AI shows where cities need trees the most
- By Susan Miller
- Nov 20, 2020
Google has developed an interactive mapping and data platform that local officials can use to learn about the relationship among heat indexes, population density, carbon emissions and tree coverage.
The company’s Tree Canopy Lab uses aerial imagery, 3D digital surface models and artificial intelligence to estimate and map the density of tree canopy cover and support decision-making related to air quality and heat island risk.
Besides using aerial color photos taken from planes in spring, summer and fall, Google added more data about canopy cover from near-infrared photos that detect colors and details outside the visible spectrum. It then compared images from different angles to create a height map.
With specialized AI that automatically scans the images and detects the presence of trees, Google was able to produce a map that shows the density of tree cover, or canopy. Combining those images with population- and climate-focused datasets, the company created interactive maps showing the relationships between trees and the urban landscape
The Tree Canopy Lab allows users to click on an area of Los Angeles to learn about the tree coverage, land use and land type by neighborhood as well as the average heat health index and population density. The Los Angeles map incorporates data from City of Los Angeles Boundary Data, City of Los Angeles Land Use, EnviroAtlas, the California Heat Assessment Tool, and the Center for International Earth Science Information Network at Columbia University.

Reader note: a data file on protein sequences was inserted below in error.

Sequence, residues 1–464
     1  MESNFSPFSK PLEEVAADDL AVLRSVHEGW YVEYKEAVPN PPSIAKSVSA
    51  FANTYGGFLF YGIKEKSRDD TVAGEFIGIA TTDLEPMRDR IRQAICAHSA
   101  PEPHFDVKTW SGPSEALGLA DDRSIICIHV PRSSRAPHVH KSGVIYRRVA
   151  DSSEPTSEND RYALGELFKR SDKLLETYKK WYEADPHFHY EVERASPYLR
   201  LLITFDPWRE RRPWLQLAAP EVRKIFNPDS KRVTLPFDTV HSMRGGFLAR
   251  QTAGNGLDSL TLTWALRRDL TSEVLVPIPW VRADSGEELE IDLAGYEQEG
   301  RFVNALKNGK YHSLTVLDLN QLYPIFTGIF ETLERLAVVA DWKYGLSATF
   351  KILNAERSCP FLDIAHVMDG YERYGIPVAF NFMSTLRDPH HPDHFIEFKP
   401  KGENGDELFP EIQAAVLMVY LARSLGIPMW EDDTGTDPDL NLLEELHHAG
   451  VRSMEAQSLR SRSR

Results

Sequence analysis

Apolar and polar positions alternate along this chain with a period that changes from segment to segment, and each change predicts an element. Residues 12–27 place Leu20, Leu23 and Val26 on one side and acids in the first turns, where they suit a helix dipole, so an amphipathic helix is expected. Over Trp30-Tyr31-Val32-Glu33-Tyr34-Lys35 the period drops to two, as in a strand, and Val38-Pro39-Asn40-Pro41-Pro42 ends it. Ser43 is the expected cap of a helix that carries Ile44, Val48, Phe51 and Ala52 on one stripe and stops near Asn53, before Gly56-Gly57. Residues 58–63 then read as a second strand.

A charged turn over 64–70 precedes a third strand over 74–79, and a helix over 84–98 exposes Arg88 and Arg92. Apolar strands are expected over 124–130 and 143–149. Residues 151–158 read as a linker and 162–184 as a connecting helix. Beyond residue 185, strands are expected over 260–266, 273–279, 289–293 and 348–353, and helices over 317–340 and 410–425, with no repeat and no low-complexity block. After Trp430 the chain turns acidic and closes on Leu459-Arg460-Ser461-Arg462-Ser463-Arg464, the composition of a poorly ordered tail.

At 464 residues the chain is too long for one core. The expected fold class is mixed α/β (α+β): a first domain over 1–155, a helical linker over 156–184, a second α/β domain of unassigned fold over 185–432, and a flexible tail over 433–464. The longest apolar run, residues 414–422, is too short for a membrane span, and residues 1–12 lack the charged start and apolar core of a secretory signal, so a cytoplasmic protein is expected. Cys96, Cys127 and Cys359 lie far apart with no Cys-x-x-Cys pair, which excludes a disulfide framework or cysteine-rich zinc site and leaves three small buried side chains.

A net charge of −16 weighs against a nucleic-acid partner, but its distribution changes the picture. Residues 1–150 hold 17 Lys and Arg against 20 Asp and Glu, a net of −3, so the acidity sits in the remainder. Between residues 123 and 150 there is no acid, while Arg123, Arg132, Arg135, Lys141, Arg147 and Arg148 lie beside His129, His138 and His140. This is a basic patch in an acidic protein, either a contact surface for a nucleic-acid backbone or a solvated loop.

The tools showed that more than 50% of Angelenos live in areas with less than 10% tree canopy coverage and 44% live in areas with extreme heat risk, Google officials said in a blog post. Conversely, they wrote, “we also see a correlation that shows parts of Los Angeles with the lowest heat risk also have the highest tree canopy coverage — these areas are also the lowest population density of Angelenos.”
The Environmental Protection Agency has recommended cities plant trees to both lower street-level temperatures and improve air quality, storm water management and quality of life. Yet many cities lack the resources to inventory their trees or investigate where planting new ones could yield the greatest benefits.
The 2019 Los Angeles sustainability plan set a goal of planting and maintaining 90,000 trees as well as completing a citywide tree inventory by 2021 as a way to not only beautify neighborhoods but also cool them down.
With the Tree Canopy Lab, “[w]e’ll be able to really home in on where the best strategic investment will be in terms of addressing that urban heat,” Rachel Malarich, Los Angeles’ first city forest officer, told The Verge.
The Tree Canopy Lab will also save cities from having to manually inventory their trees because the images will be regularly updated from images the company takes for Google maps.
“Every tree we plant can help stem the tide of the climate crisis, and when we expand our urban forest, we can sow the seeds of a healthier, more sustainable and equitable future for communities hit hardest by rising temperatures and intensifying heat waves,” Garcetti said.
The Tree Canopy Lab launched with data on Los Angeles, but the program plans to expand to hundreds of locations. City officials interested in participating can sign up here.
Susan Miller is executive editor at GCN.
Over a career spent in tech media, Miller has worked in editorial, print production and online, starting on the copy desk at IDG’s ComputerWorld, moving to print production for Federal Computer Week and later helping launch websites and email newsletter delivery for FCW. After a turn at Virginia’s Center for Innovative Technology, where she worked to promote technology-based economic development, she rejoined what was to become 1105 Media in 2004, eventually managing content and production for all the company's government-focused websites. Miller shifted back to editorial in 2012, when she began working with GCN.
Miller has a BA and MA from West Chester University and did Ph.D. work in English at the University of Delaware.
Connect with Susan at [email protected] or @sjaymiller.